LinkedIn Sales Navigator: Deciding if It's Worth It
Is LinkedIn Sales Navigator worth it for sales prospecting? And how can you measure the investment — and end it if it's not?
I've consulted my most trusted resources — and clients — on the answer. Because what we need is an honest answer from people who are interested in growing their business — not just LinkedIn's!
Here are the results I've found in guideline format. The consensus seems strong. In 95 percent of cases you may not need a Sales Navigator or Premium level account.
Key Consideration Points
Let's keep it simple. Here's what the average B-to-B sales prospecting person needs to consider. Point by point.
- The Free Trial: Is one month enough time to judge?
- The cost: When and how will it be recovered?
- The yardstick for success: Leads found and qualified faster, not trivial activity.
The Problem With a 30-day Trial
I rarely hear anyone talking about this aspect. Yet I'm not sure why. In most B-to-B sales environments a 30 day free trial is not enough time to judge any sales prospecting tool, tactic or strategy.
Even in today's fast-paced social selling world LinkedIn's 30 day trial period is far too short.
One of my most trusted sales training colleagues put it this way: “What sales team wants to commit to a playing field that moves the goal posts every couple of months? If I have a six month sales cycle, please explain what good a one month free trial does me?”
Thus, please understand that the free trial isn't actually free. It's a discount on your first six months of Navigator subscription. Because many of us need at least 6 to 12 months to understand if this is having positive impact on the bottom line — finding and closing new clients faster.
Justifying the Cost
The fastest way to understand if the investment might be worthwhile is to examine the benefits — but with a sales hat firmly on. Sales Navigator Professional (for individuals) gets you:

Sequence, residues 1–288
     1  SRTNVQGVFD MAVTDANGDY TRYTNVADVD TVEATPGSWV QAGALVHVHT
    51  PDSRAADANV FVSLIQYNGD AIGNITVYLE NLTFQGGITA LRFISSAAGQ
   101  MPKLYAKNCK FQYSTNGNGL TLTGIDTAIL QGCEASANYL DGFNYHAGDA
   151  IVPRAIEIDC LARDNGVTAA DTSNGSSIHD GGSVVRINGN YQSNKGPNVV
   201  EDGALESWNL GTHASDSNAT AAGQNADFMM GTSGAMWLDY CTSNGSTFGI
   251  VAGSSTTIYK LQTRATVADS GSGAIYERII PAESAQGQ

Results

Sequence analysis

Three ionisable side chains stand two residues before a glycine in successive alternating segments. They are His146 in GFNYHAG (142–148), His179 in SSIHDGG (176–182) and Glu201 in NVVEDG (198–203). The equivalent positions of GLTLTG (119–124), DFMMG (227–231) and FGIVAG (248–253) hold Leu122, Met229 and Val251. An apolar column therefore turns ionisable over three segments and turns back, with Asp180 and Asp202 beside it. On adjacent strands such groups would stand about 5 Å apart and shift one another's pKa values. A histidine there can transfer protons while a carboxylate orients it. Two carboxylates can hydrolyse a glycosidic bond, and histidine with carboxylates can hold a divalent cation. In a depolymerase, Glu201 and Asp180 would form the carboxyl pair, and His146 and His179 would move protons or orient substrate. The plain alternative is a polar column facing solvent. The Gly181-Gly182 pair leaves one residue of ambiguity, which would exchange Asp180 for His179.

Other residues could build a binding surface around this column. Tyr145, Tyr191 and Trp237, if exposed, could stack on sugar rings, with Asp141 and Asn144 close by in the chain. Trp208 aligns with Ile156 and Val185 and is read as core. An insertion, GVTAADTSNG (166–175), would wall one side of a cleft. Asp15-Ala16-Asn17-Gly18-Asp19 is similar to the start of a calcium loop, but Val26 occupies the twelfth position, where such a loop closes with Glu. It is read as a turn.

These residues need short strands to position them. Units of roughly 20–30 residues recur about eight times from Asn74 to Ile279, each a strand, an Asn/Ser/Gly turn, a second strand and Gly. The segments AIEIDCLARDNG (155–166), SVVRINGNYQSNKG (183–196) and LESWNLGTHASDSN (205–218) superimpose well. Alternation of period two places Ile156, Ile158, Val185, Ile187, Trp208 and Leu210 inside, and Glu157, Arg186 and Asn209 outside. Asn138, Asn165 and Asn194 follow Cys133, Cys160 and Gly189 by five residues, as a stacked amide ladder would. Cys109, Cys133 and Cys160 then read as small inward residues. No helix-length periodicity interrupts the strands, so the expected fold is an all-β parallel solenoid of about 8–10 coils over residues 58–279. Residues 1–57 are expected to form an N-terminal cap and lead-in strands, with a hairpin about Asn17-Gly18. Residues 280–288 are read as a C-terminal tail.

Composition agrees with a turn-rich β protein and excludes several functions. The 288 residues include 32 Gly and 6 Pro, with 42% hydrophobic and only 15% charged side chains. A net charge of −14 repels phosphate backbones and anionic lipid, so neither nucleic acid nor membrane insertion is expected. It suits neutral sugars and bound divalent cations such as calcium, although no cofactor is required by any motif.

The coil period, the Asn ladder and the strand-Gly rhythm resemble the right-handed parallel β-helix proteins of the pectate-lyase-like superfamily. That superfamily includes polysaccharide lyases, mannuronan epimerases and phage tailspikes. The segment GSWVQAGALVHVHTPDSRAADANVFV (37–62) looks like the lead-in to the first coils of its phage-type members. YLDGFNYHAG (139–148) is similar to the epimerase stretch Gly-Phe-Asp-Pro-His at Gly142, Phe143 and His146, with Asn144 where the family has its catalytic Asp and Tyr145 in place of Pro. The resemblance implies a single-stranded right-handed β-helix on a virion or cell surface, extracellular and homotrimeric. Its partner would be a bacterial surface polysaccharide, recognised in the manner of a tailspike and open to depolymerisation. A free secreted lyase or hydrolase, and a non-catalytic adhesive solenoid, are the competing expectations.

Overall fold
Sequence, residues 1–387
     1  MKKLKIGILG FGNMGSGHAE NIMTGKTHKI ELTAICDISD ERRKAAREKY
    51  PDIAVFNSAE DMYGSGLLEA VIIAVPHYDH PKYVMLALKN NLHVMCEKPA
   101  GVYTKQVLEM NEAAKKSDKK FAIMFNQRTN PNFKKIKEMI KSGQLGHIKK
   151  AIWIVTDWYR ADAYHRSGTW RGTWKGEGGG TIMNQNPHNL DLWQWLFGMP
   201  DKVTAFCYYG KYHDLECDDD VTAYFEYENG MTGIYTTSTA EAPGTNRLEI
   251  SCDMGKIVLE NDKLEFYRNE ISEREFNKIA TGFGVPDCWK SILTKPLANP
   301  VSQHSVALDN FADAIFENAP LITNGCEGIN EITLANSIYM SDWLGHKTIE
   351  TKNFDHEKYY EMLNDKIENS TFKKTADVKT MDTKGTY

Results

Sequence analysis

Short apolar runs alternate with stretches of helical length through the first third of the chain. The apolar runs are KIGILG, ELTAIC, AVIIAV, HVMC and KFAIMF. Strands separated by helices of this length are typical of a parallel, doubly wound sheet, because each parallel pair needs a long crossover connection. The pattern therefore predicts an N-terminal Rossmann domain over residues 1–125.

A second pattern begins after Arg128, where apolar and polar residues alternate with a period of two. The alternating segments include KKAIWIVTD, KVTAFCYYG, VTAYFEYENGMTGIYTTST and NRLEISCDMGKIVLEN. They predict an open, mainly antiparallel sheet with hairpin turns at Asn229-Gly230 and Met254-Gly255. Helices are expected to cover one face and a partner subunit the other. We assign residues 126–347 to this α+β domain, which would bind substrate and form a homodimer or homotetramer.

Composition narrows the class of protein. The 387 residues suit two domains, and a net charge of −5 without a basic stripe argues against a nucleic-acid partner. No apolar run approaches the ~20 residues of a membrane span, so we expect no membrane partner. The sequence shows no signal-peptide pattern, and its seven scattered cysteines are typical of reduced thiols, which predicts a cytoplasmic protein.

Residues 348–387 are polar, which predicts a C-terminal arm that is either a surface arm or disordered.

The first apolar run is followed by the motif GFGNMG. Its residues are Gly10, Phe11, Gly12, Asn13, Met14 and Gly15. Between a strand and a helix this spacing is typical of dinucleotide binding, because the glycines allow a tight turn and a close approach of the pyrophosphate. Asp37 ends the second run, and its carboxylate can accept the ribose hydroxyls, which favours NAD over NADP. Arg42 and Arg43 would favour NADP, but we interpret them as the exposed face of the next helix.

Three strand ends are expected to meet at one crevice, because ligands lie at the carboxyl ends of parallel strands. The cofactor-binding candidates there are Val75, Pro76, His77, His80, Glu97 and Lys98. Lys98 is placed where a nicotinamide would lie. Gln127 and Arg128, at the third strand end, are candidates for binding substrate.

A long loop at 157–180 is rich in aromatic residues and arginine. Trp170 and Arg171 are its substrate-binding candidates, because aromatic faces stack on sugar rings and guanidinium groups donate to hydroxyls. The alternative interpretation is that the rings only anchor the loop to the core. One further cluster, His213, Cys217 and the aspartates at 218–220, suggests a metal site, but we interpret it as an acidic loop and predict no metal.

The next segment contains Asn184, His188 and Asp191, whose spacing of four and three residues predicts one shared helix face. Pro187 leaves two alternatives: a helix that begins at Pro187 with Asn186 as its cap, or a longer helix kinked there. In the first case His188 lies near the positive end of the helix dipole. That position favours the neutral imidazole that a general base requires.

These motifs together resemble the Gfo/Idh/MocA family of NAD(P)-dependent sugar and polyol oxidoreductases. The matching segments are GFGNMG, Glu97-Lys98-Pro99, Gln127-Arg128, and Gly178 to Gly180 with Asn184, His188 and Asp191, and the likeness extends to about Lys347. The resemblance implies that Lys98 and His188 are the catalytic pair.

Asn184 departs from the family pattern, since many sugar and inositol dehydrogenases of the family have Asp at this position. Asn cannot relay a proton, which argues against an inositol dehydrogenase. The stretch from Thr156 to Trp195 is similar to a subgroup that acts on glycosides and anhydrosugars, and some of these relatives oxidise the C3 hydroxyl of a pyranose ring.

- InMail: The one perk that everyone knows about.
- Free incoming InMail: Anyone on LinkedIn can send you a message, free.
- More search filters: You get an additional eight filters (although some are not applicable at all to sellers)
- More saved searches: Very handy if you have a set of searches you do repeatedly.
- More search results: You can see two hundred, four hundred or more.
- Unlimited profile search: You will not need to worry about hitting LinkedIn's arbitrary Commercial Search Limit.
- Introductions: You can send a message to someone you would like to meet through a mutual LinkedIn connection.
- Who’s Viewed Your Profile visibility: You get more visibility into who has viewed your profile.
- Automated lead recommendations and real time news insights on leads.
I'm not saying any of these features are good or bad. Rather, we must question if they are worth paying $79 per month to access. In particular, most of my clients find the ability to search an unlimited number of times beneficial. How much so? This varies on individual experience.
And therein lies the tricky part: Generating enough experience with these features to pass fair judgement.
The Yardstick for Success
This is a tricky issue extending beyond the problem with a 30 day trial. It is unclear when significant cost breaks on the $129 per seat Team fee comes into play. This is not publicly discussed by LinkedIn. More importantly, justifying the cost must come in the form of hard numbers.
Sales related numbers.
The vast majority of businesses I'm finding measure soft value when building a business case for Sales Navigator. LinkedIn itself is encouraging this “soft yardstick” via it's Social Selling Index. (SSI)
True, each category of the SSI is based on a practice vital to success using LinkedIn. They are important to your productivity, effectiveness ... ultimately, your success at finding and closing leads faster.
Beware of Vanity Metrics
LinkedIn's social selling index is flawed as a measurement tool when building a business case.
Because establishing your brand, finding the right people, engaging and building relationships are the basis for the SSI. However, each of these has an (unmeasured) quality component that directly drives business value.
Here's the rub: When reps have a lower skill set at communicating with prospects they will always have lower success at earning meetings and closing deals with them. You can brand, engage and connect all you want.
In the end, the more effectively reps communicate the more deals get discovered, nurtured and closed.
Yet LinkedIn's main tool of measurement is based purely on a quantitative basis.
Bottom line: The SSI is a potential indicator of productivity. However, being an active user of LinkedIn does not make you a productive seller.
Sales productivity takes more; it takes qualitative behavior and specific business outcomes. Knowing how to make a sales appointment via email or InMail trumps being able to simply send email!
What do you think about how I'm approaching this? Am I off the mark? How are you approaching building the business case?